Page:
CMS sets the table for regulation requiring antibiotic stewardship programs
Presidential panel calls for requirements by end of 2017
The Centers for Medicare & Medicaid Services does not currently have regulations in place to require antibiotic stewardship programs in hospitals, but the fact that it expanded that section in the final version of its infection control survey suggests that is only a temporary situation.
"They have added additional questions on antimicrobial stewardship," says Neal Fishman, MD, chairman of the Centers for Disease Control and Prevention’s Hospital Infection Control Practices Advisory Committee. "They are moving toward having antibiotic stewardship as a condition for participation, which was the recommendation of the PCAST committee."
In a recently released report, the President’s Council of Advisors on Science and Technology (PCAST), recommended that a regulatory requirement for antibiotic stewardship be in place by the end of 2017.1 The report coincided with an executive order from President Obama calling for regulations requiring antibiotic stewardship programs and other actions to preserve drug efficacy in the face of rising multidrug resistant pathogens. (See Hospital Infection Control & Prevention, Nov. 2014 issue, cover story.)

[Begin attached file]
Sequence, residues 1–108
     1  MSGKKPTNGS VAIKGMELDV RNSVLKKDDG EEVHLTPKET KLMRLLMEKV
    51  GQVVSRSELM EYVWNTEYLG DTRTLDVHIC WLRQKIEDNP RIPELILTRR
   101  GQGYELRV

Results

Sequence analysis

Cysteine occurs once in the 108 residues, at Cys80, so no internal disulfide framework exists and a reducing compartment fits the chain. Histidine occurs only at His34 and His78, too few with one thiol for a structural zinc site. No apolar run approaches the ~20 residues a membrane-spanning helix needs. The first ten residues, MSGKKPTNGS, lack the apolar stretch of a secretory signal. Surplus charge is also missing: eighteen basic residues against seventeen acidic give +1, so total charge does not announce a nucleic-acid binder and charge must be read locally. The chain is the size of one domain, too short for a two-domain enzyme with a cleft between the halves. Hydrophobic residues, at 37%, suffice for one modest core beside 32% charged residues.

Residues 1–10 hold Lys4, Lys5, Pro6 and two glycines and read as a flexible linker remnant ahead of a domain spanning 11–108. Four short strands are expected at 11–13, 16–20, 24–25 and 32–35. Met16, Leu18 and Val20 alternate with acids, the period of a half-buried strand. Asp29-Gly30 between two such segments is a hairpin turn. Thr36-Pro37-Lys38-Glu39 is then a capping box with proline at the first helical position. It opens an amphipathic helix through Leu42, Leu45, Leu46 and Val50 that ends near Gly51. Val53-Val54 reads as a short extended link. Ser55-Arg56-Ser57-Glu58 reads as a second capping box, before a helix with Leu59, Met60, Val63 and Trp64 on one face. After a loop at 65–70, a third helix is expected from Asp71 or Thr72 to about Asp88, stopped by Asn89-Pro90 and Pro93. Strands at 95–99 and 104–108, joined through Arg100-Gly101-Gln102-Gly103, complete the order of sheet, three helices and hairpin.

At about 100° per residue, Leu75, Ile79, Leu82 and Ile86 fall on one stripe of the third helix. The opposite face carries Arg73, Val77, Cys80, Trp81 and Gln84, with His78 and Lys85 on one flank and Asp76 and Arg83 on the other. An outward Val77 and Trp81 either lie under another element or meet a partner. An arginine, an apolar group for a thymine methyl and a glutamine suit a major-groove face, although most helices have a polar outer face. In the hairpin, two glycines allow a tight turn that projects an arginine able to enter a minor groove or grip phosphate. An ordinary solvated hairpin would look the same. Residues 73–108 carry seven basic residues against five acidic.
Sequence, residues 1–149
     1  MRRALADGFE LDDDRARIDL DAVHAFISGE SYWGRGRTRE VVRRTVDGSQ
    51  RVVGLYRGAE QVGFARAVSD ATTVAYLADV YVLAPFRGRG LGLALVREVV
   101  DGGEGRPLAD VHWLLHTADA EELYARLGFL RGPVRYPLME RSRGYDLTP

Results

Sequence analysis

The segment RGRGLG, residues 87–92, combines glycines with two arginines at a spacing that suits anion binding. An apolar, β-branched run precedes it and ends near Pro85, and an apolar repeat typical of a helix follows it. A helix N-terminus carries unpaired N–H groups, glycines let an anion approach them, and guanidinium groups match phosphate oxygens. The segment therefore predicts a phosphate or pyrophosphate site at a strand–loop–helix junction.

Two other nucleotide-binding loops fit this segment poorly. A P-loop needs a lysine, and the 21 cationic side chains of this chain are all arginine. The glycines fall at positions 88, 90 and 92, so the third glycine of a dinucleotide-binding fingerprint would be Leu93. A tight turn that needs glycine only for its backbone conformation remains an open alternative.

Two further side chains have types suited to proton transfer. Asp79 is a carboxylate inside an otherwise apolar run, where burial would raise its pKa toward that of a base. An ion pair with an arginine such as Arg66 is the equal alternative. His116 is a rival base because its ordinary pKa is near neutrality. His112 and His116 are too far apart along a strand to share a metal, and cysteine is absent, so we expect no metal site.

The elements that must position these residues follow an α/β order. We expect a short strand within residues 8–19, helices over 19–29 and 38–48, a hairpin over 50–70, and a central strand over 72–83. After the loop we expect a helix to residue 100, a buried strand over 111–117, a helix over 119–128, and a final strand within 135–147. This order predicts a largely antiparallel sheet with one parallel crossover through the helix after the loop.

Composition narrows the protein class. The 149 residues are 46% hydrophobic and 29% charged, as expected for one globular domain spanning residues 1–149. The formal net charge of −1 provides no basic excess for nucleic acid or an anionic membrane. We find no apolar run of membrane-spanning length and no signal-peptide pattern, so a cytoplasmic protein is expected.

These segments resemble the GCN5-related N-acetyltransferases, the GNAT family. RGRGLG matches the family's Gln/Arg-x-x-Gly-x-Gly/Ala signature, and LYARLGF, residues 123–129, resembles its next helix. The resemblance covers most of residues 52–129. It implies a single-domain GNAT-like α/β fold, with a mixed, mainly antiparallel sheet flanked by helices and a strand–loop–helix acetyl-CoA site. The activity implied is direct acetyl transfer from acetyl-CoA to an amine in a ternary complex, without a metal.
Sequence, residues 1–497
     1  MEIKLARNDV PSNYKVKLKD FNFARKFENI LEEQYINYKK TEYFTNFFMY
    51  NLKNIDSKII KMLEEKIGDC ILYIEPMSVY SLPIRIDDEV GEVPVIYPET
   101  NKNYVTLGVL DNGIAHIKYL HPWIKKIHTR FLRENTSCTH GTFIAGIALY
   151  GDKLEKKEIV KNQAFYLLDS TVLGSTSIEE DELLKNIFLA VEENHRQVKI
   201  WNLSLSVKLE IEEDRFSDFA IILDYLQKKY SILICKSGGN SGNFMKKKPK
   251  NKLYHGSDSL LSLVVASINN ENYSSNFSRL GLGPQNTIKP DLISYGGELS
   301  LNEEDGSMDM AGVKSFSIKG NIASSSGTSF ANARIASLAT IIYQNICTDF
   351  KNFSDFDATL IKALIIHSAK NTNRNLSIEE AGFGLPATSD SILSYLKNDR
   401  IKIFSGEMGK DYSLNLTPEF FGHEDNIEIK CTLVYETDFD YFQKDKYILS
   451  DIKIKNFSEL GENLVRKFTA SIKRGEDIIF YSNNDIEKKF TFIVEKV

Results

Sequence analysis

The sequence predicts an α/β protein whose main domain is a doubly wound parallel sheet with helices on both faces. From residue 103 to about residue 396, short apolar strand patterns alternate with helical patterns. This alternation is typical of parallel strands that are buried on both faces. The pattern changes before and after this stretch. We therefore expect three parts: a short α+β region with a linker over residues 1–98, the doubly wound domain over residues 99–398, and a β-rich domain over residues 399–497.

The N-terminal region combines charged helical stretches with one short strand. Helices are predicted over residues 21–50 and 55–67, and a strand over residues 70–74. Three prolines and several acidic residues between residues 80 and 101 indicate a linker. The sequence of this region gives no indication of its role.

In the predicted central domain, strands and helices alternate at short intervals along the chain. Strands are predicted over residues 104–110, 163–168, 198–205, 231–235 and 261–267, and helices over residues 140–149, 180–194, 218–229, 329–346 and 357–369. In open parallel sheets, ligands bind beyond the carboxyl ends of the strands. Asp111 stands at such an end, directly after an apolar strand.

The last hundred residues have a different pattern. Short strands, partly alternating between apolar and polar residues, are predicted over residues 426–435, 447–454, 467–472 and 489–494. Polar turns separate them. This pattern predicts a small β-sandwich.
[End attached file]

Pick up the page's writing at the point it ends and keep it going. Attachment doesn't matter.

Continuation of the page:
The CMS survey "information" requirements on antibiotic stewardship reflect collaboration with the CDC, which has issued similar recommendations and is openly discussing CMS enforcement of the critical issue. The antibiotic stewardship requirements in the final version of the CMS infection control survey include the following:
The hospital has written policies and procedures whose purpose is to improve antibiotic use (antibiotic stewardship).
The hospital has designated a leader (e.g., physician, pharmacist, etc.) responsible for program outcomes of antibiotic stewardship activities at the hospital.
The hospital’s antibiotic stewardship policy and procedures requires practitioners to document in the medical record or during order entry an indication for all antibiotics, in addition to other required elements such as dose and duration.
The hospital has a formal procedure for all practitioners to review the appropriateness of any antibiotics prescribed after 48 hours from the initial orders (e.g., antibiotic time out).
The hospital monitors antibiotic use (consumption) at the unit and/or hospital level.2